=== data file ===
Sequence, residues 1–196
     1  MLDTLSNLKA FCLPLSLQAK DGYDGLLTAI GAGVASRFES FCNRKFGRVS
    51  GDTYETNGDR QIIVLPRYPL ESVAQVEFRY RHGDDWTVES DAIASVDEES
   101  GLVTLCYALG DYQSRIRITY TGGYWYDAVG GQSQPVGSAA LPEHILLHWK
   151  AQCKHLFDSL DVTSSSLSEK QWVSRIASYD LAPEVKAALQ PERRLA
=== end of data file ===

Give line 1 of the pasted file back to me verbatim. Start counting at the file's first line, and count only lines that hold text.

Sequence, residues 1–196